The operation on 30m CW gave me 34 QSOs in 25 minutes. It was very pleasant and a well disciplined pile-up. When the pile-up dried up, I QSYed to 20m SSB and I immediately found YO8SEP/P working his Fauna and Flora activation from YOFF-003 on 14.280. We completed our QSO, which I initially thought a S2S one and later I learnt it wasn’t after Petronel sent me an e-mail to warn me about the mistake, and then I moved to find a clear frequency to start calling CQ SOTA.
So I did on 14.285 but after a few QSOs a couple of very strong Greek stations started to have a QSO right on my frequency with clearly no intentions to either QRX or QSY, so I had to move my tiny QRP signal to other frequency.
I stopped on 14.290 and had a very good run with as many stations logged as 67 in 55 minutes.
The anecdote was when I copied ?K3XL and I said: - Questionmark Kilo 3 X-ray Lima good morning, you are 59. Please repeat your preffix, I guess it is OK but, please, confirm. Then he came back and said to my surprise VK3XL. WOW!, his signal was so loud and clear that, when he first called me, I thought it was one more of the strong European stations I had been copying and working over the last 45 minutes.
When the 20m pile up dried up, I switched to 2m FM but only my friend Jorge (EA2LU) came back to my CQ calls. Thanks buddy!
In my alert I had announced that I would work 14-cw as well but, when I was going to QSY there, I felt like giving 12m a try and so I did. My batteries were too weak and just 4 more QSOs were logged all of them with European stations, but it was nice to see how lively the 12m band was at that time. It was 10h30 utc.
A very big group of mountaneers arrived to the Summit and given that my battery was pretty weak by that time, I decided to switch off the rig and have a chat with the just arrived.
There was a woman which surprised me telling her group that what they had just found (me) was a radioamateur with his antenna and radio equipment. To my surprise, she came to me and introduced herself as ex-EA2BKS. Her name, Marta. I told her: -what is that ex? She said: -I was… and I replied that a radioamateur IS so for the entire life. I explained her what I was doing and about the SOTA program and its perfect combination of radio and mountaneering. She felt interested and asked me to provide her with more information about SOTA and so I’ll do for sure.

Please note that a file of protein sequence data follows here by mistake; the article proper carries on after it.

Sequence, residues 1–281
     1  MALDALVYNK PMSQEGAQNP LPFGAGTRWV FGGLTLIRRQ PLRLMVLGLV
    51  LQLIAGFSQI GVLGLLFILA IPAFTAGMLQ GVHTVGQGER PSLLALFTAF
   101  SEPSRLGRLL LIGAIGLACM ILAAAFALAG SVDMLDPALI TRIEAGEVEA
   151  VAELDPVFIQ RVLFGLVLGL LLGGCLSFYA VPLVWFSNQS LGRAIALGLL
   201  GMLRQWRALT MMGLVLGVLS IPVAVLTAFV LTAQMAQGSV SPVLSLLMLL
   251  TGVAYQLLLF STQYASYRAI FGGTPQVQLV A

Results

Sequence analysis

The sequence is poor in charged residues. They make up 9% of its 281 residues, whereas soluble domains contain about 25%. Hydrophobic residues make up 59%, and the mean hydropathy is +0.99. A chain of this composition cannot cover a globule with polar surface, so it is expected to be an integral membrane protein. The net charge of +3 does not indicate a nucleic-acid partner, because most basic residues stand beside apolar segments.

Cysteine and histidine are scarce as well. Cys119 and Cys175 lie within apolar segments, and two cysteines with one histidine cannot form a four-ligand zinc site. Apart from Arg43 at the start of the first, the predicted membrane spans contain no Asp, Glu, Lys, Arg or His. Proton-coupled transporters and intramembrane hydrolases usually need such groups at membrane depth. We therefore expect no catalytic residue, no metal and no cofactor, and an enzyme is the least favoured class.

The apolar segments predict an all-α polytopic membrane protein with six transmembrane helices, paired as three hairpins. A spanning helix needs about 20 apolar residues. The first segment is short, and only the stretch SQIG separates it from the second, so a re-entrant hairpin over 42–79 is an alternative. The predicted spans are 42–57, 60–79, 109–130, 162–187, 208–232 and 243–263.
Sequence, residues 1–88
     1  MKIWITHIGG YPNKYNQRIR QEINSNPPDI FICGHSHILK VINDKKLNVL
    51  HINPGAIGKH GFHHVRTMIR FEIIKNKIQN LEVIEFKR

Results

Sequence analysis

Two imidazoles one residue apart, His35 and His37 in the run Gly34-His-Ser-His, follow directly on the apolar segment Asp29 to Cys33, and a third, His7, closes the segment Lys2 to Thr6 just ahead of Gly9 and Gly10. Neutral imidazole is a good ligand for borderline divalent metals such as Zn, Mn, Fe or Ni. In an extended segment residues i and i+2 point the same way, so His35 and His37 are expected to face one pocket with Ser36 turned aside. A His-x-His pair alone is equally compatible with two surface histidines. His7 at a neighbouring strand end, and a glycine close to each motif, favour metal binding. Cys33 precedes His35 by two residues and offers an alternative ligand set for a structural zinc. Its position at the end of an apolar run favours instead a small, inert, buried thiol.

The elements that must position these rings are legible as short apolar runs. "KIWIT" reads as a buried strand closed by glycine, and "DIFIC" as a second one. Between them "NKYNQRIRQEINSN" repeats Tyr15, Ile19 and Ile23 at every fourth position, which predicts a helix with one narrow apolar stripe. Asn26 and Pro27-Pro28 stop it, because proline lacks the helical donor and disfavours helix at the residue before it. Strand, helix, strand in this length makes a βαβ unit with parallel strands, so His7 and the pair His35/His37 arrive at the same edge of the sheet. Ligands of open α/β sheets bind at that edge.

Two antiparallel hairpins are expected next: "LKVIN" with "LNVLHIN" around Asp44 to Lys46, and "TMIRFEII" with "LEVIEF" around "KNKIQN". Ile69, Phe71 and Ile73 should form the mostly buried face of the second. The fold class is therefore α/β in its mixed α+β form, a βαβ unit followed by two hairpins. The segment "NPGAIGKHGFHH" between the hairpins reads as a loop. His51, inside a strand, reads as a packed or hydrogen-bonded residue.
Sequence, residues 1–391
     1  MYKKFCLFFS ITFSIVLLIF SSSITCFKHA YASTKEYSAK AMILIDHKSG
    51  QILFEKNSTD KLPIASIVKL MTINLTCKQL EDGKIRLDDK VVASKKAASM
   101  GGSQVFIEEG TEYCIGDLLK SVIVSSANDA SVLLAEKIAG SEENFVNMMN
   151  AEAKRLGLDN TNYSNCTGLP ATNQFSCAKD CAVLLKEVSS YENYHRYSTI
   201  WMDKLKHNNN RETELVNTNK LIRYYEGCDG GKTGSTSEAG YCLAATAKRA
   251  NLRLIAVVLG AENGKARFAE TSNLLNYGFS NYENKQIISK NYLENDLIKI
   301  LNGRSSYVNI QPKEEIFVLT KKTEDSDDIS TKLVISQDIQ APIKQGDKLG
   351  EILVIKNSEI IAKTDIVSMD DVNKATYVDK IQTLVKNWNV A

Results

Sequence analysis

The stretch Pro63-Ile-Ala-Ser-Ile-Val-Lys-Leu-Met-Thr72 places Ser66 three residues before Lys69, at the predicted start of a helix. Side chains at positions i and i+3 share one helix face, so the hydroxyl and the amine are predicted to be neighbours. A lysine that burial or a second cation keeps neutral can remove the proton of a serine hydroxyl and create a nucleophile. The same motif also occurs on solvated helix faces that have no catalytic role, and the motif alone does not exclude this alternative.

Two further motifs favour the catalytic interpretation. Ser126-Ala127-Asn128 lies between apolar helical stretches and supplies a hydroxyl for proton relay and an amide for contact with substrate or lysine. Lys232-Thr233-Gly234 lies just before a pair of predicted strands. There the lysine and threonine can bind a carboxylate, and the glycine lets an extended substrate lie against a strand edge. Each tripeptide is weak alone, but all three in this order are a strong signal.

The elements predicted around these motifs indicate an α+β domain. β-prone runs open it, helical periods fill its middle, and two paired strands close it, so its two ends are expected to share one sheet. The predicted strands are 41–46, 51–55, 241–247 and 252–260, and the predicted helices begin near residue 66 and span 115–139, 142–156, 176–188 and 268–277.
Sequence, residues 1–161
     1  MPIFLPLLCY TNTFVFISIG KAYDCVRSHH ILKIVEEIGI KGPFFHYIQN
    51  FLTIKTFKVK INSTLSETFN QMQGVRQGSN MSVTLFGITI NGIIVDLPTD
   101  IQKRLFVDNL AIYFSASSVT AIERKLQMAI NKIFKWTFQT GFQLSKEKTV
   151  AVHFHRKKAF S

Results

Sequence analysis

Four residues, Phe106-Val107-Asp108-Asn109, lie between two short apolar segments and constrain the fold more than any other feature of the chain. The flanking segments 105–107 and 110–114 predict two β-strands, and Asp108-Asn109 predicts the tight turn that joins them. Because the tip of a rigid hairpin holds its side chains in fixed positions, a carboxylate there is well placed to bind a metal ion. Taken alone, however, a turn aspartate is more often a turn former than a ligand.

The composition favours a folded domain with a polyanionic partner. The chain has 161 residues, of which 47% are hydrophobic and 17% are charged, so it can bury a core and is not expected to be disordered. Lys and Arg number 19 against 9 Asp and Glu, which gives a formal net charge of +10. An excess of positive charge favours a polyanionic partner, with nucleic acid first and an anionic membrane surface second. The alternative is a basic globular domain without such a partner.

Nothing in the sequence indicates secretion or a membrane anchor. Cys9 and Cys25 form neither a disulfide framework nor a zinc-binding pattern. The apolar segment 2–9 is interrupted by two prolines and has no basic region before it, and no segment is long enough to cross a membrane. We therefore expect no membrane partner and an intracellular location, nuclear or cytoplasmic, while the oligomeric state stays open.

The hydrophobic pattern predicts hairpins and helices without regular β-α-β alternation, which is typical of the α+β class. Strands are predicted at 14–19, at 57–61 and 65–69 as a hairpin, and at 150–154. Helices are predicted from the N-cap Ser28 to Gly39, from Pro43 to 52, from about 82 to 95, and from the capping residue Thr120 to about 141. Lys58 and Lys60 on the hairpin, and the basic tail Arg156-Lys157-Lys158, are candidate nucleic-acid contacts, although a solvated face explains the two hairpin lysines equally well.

I explained her that I usually write a report with pictures after my activations and she agreed for a picture with me to be published here.
So, I can say that I had 106 QSOs in total: 30m CW (34), 20m SSB (67), 2m FM (1), 12m CW (4) and finally one face to face with Marta, former EA2BKS.
I hope she’ll like the SOTA program as to recover her callsign and start activating from the summits she’ll hike in the future.
On our descent I took some few more lovely pictures of this fall season that I will share now with you:
This is the point I mentionned before to be remembered because we had to make a left or our way back. Perfectly marked with that piece of branch on the ground where my dog is in the picture, as well as a small cairn across the path.
This one looks like a bulk full of green bubbles popping out of ground:
I love the beech trees forests:
I hope you enjoyed this report. Should that be the case, clic on the Like button, please.
Thank you very much for your calls, spots, QSOs and nice company. I hope to copy you all again very soon.
Take care and have a nice week.
Best 73 de Guru - EA2IF